What is your next adventure?
I’ve already started my adventure as a senior professional staff at Johns Hopkins’ Applied Physics Lab.
What are you most excited about your next adventure?
I love solving puzzles, that’s why I choose engineering. Whenever there’s a problem that tough to crack, I get excited about that. Most people may not like the challenge, but I tend to prefer challenges like that, so for me I’m excited about my research and the ability to explore something novel. To see the impact that new algorithms could have in the area of urban air mobility is exciting.
Also, I’ll be able to continue post-doc research thanks to the ACCESS program sponsored by the National Science Foundation (NSF). I’ll be able to keep exploring the problem I was looking into throughout my graduate research through large-scale simulations.
Did you have any previous internship, co-op, or research experience in this area?
I interned at the Georgia Tech Research Institute (GTRI) and later made the transition to full-time as a graduate researcher. My research is focused on multi-agent systems, more specifically I was looking at urban air mobility and the trade-off between safety and performance.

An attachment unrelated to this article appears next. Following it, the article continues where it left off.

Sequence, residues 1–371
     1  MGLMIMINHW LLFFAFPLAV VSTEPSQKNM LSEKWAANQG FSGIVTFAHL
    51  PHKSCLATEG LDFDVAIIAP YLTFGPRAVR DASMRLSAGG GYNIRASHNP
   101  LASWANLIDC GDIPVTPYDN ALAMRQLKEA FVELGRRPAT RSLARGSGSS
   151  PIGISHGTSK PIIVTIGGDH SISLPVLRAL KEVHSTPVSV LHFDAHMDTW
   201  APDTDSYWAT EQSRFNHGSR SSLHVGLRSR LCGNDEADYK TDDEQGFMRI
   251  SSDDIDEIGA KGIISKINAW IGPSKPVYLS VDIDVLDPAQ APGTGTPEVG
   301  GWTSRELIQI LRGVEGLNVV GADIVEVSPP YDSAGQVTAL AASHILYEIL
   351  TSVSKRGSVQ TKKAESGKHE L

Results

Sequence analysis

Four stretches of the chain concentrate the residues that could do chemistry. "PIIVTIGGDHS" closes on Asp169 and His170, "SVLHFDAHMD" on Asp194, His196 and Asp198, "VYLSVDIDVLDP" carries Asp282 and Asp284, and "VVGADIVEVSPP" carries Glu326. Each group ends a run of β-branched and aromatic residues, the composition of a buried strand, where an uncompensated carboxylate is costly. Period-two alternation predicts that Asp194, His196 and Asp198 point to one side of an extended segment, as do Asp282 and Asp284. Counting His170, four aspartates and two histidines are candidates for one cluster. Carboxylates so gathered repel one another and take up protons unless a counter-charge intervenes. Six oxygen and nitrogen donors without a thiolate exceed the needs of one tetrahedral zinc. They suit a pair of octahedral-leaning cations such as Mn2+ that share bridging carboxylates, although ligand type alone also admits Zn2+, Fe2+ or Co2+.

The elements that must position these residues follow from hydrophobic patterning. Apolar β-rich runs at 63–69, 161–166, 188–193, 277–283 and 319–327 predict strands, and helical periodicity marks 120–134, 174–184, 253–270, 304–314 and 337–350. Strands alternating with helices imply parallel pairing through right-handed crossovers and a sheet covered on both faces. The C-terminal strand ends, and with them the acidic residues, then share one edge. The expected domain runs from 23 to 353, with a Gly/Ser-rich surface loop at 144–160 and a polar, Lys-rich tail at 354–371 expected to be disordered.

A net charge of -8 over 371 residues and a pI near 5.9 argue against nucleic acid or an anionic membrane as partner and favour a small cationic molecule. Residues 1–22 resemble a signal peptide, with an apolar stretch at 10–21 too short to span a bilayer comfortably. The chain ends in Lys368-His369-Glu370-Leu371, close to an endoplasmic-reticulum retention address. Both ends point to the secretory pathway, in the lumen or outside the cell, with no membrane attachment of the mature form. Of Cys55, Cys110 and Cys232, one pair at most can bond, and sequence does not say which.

How did your educational experience at Georgia Tech help you achieve your goals?
I was fortunate because when I started as a graduate student at Georgia Tech, I received the Georgia Space Grant Consortium Fellowship, which allowed me to participate in many volunteer opportunities for STEM and it helped me network and meet a lot of people, but also helped me to see the impact it could have on future generations.
Working in the DCL lab was a good learning experience, but also the students I was around I learned so much from them and made great friendships through that. My advisor Eric Feron was great and knew the field very well and gave me great research experience.
What advice would you give to an underclassman who would like to follow the same path?
Find something you are passionate about, something that you wouldn’t even consider a job because you enjoy doing it.
Take the opportunity to ask questions as much as you can and try to learn as much as you can. There’s no bad question, so don’t be too shy to ask a questions.
Find a hobby you are interested in. When you’re in school, there are so many clubs and activities you can get involved in. Once you get out of school, you’ll find you have a lot more time on your hands.